Monday, April 6, 2009

side-yard apparition (with chickens)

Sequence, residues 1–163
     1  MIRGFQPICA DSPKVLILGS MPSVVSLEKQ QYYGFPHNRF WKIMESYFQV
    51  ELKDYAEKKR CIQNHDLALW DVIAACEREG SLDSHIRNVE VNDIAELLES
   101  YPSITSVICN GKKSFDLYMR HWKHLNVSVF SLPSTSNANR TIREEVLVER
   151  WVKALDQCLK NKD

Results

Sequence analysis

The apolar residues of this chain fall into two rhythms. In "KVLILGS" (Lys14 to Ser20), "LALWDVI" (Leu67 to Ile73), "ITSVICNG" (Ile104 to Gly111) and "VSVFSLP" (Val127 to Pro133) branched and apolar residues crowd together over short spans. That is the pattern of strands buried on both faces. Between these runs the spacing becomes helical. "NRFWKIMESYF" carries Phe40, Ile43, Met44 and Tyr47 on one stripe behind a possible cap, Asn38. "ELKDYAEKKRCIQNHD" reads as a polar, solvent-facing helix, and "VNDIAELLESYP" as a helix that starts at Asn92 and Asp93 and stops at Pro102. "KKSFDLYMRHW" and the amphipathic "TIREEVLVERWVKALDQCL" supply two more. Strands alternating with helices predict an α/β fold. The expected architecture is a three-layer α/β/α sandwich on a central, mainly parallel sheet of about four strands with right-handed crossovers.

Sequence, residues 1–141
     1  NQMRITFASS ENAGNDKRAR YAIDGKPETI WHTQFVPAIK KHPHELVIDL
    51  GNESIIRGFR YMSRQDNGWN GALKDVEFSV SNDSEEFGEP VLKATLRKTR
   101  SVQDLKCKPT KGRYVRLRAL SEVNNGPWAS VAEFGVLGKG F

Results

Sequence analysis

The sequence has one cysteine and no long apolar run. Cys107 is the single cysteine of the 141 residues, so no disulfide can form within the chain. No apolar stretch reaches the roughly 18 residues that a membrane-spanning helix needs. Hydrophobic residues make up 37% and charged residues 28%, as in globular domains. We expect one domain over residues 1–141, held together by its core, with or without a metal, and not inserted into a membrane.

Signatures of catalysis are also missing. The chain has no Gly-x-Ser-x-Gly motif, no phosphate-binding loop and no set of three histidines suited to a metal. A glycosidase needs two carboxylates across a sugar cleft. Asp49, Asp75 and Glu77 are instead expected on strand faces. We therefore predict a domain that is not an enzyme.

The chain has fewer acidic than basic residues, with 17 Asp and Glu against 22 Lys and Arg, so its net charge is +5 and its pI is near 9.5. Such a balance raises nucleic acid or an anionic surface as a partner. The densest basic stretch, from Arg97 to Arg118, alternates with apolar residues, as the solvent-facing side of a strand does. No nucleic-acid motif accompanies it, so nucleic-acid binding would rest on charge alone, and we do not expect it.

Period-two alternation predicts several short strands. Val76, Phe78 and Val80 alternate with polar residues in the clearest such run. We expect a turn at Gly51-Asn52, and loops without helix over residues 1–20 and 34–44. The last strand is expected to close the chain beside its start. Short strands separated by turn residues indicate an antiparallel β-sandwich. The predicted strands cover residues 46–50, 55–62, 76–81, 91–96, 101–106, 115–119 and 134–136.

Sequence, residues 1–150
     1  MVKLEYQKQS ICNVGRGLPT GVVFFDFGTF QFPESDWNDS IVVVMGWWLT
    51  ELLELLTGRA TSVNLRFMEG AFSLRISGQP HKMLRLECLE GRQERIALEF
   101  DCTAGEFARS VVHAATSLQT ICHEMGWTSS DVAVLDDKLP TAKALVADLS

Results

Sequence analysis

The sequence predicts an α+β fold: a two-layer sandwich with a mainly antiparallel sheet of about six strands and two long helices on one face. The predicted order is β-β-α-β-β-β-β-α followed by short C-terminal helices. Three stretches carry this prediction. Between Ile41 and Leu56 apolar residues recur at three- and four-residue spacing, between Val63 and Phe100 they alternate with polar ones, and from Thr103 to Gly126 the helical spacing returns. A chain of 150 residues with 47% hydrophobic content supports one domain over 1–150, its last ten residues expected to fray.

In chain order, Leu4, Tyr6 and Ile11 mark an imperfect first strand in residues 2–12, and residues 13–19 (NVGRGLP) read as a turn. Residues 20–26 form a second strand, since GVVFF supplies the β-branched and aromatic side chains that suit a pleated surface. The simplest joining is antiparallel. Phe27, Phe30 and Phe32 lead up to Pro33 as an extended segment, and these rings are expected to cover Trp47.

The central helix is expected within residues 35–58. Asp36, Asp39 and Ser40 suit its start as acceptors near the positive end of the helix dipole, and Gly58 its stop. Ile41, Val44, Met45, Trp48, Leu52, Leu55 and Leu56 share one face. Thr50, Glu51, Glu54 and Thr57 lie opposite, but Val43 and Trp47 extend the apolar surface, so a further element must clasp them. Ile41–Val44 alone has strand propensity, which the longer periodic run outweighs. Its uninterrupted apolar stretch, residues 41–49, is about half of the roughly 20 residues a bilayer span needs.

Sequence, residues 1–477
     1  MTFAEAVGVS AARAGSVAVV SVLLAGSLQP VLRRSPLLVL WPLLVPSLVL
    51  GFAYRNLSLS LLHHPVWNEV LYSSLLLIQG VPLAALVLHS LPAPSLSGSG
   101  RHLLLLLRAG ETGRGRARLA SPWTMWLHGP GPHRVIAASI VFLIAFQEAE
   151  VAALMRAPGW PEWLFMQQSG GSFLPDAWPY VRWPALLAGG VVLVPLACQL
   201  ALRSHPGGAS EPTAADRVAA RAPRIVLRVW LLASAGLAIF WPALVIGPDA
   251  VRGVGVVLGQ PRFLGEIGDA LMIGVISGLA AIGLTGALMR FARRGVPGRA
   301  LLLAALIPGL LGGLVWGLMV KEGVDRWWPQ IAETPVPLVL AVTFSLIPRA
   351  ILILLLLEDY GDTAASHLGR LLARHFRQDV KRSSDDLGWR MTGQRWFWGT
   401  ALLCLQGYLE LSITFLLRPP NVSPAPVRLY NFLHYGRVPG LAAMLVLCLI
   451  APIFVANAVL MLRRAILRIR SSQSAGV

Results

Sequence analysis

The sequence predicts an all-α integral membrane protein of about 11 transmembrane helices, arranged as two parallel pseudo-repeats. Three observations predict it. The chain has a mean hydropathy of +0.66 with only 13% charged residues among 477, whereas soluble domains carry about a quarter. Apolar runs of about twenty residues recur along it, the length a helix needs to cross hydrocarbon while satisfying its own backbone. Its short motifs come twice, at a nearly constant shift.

I love this picture. A man in a suit and white shoes cornered into the fenced side yard by the chickens he's apparently feeding. If photos are taken as evidence of something having happened, it invites curious speculation over the reasons why snapshots like this one were taken. The place is obscure, the white house in the background ecclipsed by fencing. The man is small and unrecognizable, the event mundane. Photos were expensive when this one was taken, probably in the 1910's or 20's, and snap shots from this era are rare-- usually shots are of formal portraits or serve as documentation of places or special events. Photography is interesting because it is so new-- a tool accessible to most only in the last 100 years. Still so new and already on it's way out (according to some), and replaced by film. It's existence as an art making tool is even shorter-- having started as a documentarian medium for the press and not really taking off as Art until the 1950's. In the photographs of my collection the look of photographs changes so quickly with each decade-- the move from b & w to color, the take-off of the snap shot, the paper photos are printed on, what people write on the backs, the quantity and thoroughness of sequenced shots, the things people wear, the expressions on their faces, the poses of their bodies and the spaces in between them.

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